by Julia Rosen Wednesday, September 4, 2013
Meteor showers — nature’s superlative fireworks displays — occur when Earth’s orbit intersects a trail of debris left behind by a comet. Meteoroids from the comet stream collide with Earth’s atmosphere and ignite, punctuating the night sky with a cascade of shooting stars. Scientists can accurately forecast the timing of meteor showers using the principles of celestial mechanics; however, the intensity of the Draconid shower, which occurs every October, has proved notoriously hard to predict. A new study employing a network of sky-watching cameras reveals that in 2011, the shower peaked at 400 meteors per hour and delivered nearly one ton of meteoritic material to Earth in less than 48 hours.
The Draconid shower graces Earth courtesy of a comet known as 21P/Giacobini-Zinner, which swings through the solar system every 6.6 years. Where it comes closest to the sun, some of the comet’s icy mass sublimates, depositing debris in space that remains suspended there for hundreds to thousands of years. Earth then passes through these streams during its yearly orbit, giving rise to a meteor shower that appears to originate from the head of the constellation Draco.
However, because of small variations in the paths of the comet and Earth induced by the gravitational pull of other planetary bodies, the intensity of the storm varies as Earth passes through more or less dense parts of old comet trails. In 1946, for example, the Draconids put on one of the most astonishing meteor storms ever recorded, with rates of activity exceeding thousands of meteors per hour when the planet intersected a very dense meteoroid stream. In other years coincident with sparse streams, observers have seen nothing at all.
So when scientists predicted that the 2011 event might rival the famous storm of 1946, astronomers made a special effort to monitor the shower. Josep Trigo-Rodriguez, an astronomer at the Spanish Institute of Space Sciences and the leader of its meteorite working group, marshaled the resources of the Spanish Meteor Network to watch the skies over Europe and North Africa during the event. The network consists of 25 stations equipped with high-resolution cameras and video cameras that allowed the scientists to observe the meteors — even though a bright moon impeded viewing conditions on Earth — and then to analyze the brightness and spectrum of each fireball to determine its size and composition.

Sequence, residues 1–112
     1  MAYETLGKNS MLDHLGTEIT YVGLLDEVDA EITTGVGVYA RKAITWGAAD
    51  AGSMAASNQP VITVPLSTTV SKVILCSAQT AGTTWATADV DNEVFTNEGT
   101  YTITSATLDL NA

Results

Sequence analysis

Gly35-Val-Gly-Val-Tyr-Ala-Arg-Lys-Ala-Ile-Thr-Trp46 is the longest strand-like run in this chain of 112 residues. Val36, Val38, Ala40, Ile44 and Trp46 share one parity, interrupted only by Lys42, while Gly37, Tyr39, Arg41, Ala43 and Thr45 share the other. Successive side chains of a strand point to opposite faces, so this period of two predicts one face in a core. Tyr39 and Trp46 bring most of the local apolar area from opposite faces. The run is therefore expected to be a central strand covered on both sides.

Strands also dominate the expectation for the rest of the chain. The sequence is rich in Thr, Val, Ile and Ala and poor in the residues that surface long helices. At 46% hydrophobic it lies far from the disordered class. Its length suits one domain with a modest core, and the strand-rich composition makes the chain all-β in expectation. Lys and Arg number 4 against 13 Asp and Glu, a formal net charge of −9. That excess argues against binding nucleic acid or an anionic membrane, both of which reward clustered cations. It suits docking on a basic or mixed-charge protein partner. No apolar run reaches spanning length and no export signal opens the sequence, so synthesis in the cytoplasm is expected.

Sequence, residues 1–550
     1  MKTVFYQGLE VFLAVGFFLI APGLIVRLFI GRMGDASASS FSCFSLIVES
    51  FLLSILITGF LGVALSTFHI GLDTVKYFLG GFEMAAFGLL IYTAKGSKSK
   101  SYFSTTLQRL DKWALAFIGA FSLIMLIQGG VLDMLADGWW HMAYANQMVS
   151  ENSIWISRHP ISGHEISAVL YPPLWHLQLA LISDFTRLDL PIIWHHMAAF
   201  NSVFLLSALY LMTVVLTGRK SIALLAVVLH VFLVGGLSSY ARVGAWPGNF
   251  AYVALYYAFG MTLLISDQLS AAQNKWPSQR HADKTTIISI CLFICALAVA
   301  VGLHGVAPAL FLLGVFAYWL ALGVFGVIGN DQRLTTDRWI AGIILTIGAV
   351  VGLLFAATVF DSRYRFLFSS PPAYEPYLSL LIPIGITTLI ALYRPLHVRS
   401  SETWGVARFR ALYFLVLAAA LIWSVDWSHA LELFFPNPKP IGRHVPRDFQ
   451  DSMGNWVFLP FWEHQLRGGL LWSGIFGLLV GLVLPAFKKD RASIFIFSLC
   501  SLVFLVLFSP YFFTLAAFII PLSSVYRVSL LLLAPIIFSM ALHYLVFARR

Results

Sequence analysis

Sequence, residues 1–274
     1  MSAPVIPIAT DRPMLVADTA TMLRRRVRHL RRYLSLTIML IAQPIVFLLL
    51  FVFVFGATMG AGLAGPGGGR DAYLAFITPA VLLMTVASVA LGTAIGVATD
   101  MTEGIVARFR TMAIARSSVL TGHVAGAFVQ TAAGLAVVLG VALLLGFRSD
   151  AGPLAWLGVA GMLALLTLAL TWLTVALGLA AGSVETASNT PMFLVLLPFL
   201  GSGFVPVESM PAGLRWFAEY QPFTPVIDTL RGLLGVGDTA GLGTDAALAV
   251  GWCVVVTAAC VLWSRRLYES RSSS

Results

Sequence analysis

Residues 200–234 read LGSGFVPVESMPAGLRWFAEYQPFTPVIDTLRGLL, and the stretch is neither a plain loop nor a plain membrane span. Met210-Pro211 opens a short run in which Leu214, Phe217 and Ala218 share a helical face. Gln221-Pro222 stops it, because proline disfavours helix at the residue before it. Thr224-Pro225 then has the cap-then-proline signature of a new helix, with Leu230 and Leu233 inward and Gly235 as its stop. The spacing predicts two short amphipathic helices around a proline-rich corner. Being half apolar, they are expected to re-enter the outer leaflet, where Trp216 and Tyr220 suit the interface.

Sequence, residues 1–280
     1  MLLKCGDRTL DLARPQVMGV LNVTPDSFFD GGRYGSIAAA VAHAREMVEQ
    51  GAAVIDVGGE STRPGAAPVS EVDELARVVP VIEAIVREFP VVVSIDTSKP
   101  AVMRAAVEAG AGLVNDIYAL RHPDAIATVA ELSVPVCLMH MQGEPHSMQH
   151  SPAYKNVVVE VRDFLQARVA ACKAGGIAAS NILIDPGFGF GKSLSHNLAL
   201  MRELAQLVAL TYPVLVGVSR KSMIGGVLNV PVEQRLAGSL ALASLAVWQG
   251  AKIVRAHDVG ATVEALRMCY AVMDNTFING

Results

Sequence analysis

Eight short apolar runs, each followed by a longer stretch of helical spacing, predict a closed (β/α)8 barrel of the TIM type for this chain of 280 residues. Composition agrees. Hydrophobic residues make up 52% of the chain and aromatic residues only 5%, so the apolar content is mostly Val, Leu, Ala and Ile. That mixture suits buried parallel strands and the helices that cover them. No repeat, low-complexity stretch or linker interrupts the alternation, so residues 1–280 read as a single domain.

In two recent studies published in the Monthly Notices of the Royal Astronomical Society, one led by Trigo-Rodriguez and the other by José Madiedo of the University of Huelva in Spain, the researchers reported that the 2011 shower, while impressive, failed to match expectations, probably because it originated from old streams left behind by the comet between 1873 and 1900. Precise modeling of the comet’s trajectory allows scientists to estimate the age of meteoroid streams, so researchers knew Earth would intersect these older trails. But the meteoroids proved much more fragile than anticipated.
“In interplanetary space, [meteoroids] are subjected to irradiation and collisions with other particles from their own stream, and also with other particles in the interplanetary medium,” Trigo-Rodriguez says. “Due to their fragile nature, 21P particles seem to [disintegrate] over timescales of a few centuries.” Because of this, the ton of material in the 2011 shower was “several orders of magnitude lower than the mass delivered during historic Draconid storms” involving much younger streams.
However, the age of the streams is only one possible explanation for the weaker than expected 2011 Draconid shower, says Bill Cooke, an astronomer at NASA’s Meteoroid Environment Office based in Huntsville, Ala., who was not involved in the study. “Another is that the comet produced fewer meteoroids in the streams that intersected Earth,” he says, because “cometary production rates can vary.” Another possibility is that the models that forecast the shower strength were incomplete. Regardless, he says, “the observations presented [in this study] are of very high quality” and will help improve modeling efforts to better predict meteor showers like the Draconids.
Meteoric material like that delivered by the 2011 storm is important to predict and understand for a number of reasons, Trigo-Rodriguez says. Man-made satellites and the International Space Station “are also subjected to the meteoroid influx, and there is growing interest in quantifying this hazard.” In addition, the researchers learned that the Draconid meteoroids have chemical compositions similar to carbonaceous chondrites, the kind of meteorites that may have delivered large quantities of volatile compounds like water, methane and ammonium to early Earth, setting the stage for the evolution of life. “We envision a scenario in which the disruption of fragile comets like 21P could have delivered massive amounts of organics and hydrated minerals to early Earth,” Trigo-Rodriguez says.
Look out for the 2013 Draconid shower, which is predicted to occur on October 7-8, although it will likely be weaker than the 2011 event.
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